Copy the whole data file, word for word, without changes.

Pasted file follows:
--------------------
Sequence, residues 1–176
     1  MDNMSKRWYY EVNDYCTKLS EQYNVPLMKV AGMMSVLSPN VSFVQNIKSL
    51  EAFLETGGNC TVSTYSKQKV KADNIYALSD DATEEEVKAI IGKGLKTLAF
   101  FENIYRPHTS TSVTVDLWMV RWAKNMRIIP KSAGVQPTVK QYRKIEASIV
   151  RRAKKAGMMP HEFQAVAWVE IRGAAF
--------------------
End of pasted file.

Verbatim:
Sequence, residues 1–176
     1  MDNMSKRWYY EVNDYCTKLS EQYNVPLMKV AGMMSVLSPN VSFVQNIKSL
    51  EAFLETGGNC TVSTYSKQKV KADNIYALSD DATEEEVKAI IGKGLKTLAF
   101  FENIYRPHTS TSVTVDLWMV RWAKNMRIIP KSAGVQPTVK QYRKIEASIV
   151  RRAKKAGMMP HEFQAVAWVE IRGAAF